Fermented milk is widely consumed around the world and yogurt is the most popular fermented dairy product, though approximately 75% of the world's population loses the ability to digest lactose into adulthood(8). It is known that the lactose content in yogurt is about one third lower than in milk due to fermentation conducted by lactic acid bacteria, converting lactose into lactic acid(9). However, in some cases, the persistence of gastrointestinal malaise from the consumption of yogurt shows that the decrease of lactose content would not be sufficient to relieve the symptoms of indigestion. This led to the introduction of improvements in dairy products production, such as reduced lactose content using exogenous lactases.

The objective of this study was to evaluate the behavior of E. coli O157:H7 during lactose hydrolysis process and fermentation process of traditional and low lactose yogurt. It also aimed to verify E. coli O157:H7, Lactobacillus delbrueckii spp. Bulgaricus, and Streptococcus thermophilus survival after 12 h of storage at 4±1ºC.

Materials and Methods

The Escherichia coli O157:H7 strain (CDC EDL - 933) was obtained from the National Institute of Health Quality Control of the Oswaldo Cruz Foundation (FIOCRUZ, Rio de Janeiro, Brazil). The organisms were inoculated in brain heart infusion (BHI) broth and incubated at 37 ºC for 24 hours (h). The bacterial cells were maintained on BHI and stored at 4 ºC. To activate the E. coli O157:H7 cells, a loop-full of BHI stored was transferred to BHI broth and incubated at 37 ºC for 24h.

The lactic starter culture used was an industrial yogurt culture, consisted of Streptococcus thermophilus and Lactobacillus delbrueckii spp. bulgaricus (DVS YF-L812, Christian Hansen Laboratories, Denmark). Before fermentation, culture was activated by mixing the 50 U sachet (10 to 11 log CFU.mL-1) to 500 mL of sterile 10% (w/v) reconstituted skim milk powder (Molico, Nestlé, São Paulo, Brazil) and stirred for 15 min to achieve a homogenous culture(10). This volume was distributed into 10 mL test tubes, containing an approximate amount of 5 log CFU.mL-1, according to Mac Farland scale, and stored at -18 ºC until yogurt production. To perform the fermentation, the culture was thawed and evaluated by the Mac Farland scale, that revealed the same initial counting, which was then added to milk samples.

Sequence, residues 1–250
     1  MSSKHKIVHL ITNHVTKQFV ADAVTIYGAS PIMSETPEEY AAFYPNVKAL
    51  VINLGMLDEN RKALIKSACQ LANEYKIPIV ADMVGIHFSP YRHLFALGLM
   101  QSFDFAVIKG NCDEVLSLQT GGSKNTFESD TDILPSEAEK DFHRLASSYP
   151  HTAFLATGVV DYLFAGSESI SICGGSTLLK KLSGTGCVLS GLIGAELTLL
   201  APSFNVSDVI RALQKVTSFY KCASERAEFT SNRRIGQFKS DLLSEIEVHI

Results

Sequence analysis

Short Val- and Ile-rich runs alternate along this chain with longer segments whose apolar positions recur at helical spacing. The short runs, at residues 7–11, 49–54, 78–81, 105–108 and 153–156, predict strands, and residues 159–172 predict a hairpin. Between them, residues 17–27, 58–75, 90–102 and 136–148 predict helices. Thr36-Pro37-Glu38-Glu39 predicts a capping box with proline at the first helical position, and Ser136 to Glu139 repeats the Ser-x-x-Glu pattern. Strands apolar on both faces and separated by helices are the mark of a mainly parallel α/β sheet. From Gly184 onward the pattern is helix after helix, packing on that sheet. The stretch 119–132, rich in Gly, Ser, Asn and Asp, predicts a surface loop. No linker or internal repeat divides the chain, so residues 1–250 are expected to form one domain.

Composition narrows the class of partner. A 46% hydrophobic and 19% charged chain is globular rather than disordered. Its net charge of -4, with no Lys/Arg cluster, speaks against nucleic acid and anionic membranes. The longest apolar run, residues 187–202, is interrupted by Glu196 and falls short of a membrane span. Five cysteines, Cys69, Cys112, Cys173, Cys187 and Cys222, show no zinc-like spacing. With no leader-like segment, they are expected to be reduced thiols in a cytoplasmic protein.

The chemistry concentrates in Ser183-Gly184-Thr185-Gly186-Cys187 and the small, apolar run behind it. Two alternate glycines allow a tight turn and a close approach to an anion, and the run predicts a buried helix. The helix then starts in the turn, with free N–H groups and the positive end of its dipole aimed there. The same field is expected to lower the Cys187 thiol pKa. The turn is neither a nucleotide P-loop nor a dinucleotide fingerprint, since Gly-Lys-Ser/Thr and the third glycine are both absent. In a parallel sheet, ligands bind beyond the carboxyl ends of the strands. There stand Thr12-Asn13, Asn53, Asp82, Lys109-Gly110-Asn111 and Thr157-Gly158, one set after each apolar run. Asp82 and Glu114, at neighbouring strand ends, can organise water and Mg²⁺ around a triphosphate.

Commercial (ultra high temperature) UHT whole milk was analyzed to determine pH, titratable acidity (TA), fat content by the Association of Official Analytical Chemists (AOAC) standard Gerber method 2000.18 (AOAC, 2012), freezing point by cryoscopic method 990.22 (AOAC, 2012), and enumeration of E. coli O157:H7(11) and lactic acid bacteria (LAB) by International Organization for Standardization (ISO) 7889:2003 methods(12). The milk was inoculated with an enough amount of E. coli O157:H7 to yield a final concentration of 4 log CFU.mL-1 in milk samples, according to the Mac Farland scale. This procedure was made before lactose hydrolysis and yogurt production. Inoculations were done into preheated milk at 40 ºC. Control yogurt was also kept at this temperature to avoid variations when the starter culture was added.

Two different types of yogurt were prepared, each one of them with two treatments: traditional (TY); traditional with E. coli O157:H7 (TEY); low lactose (LLY); and low lactose with E. coli O157:H7 (LLEY). All types of yogurt were produced using pre-heated whole milk at 40 ºC. Traditional yogurt was prepared with milk (control and inoculated) and starter culture. The low lactose yogurt was prepared from whole milk (control and inoculated) pretreated with β-galactosidase (450 mL/ 1000L of milk) (Maxilact LX 5000, DSM Food Specialties, Delft, Netherlands) for 1 h at 40 ºC and inoculated with starter culture. All yogurt was incubated at 42 ºC ± 1ºC until reach the final pH of 4.5-4.6 and then stored at 4 ºC. Samples were taken for pH determination at each hour of fermentation.

Bacterial count was performed with dilution of 25 g of each sample into 225 mL of 0.1% peptone saline water and homogenization in Stomacher® blender for 1 min. After this step, 1 mL of each initial dilution was transferred into tubes with 9 mL of 0.1% peptone saline water and serially dilutions were made until 10-10. E. coli O157:H7 was determined by pour plate technique, plating 1 mL of appropriate dilutions before Fluorocult Escherichia coli O157:H7Agar (Merck, Darmstadt, Germany)(11). Random isolates were confirmed by serology with E. coli O157 antiserum (Probac, São Paulo, Brazil).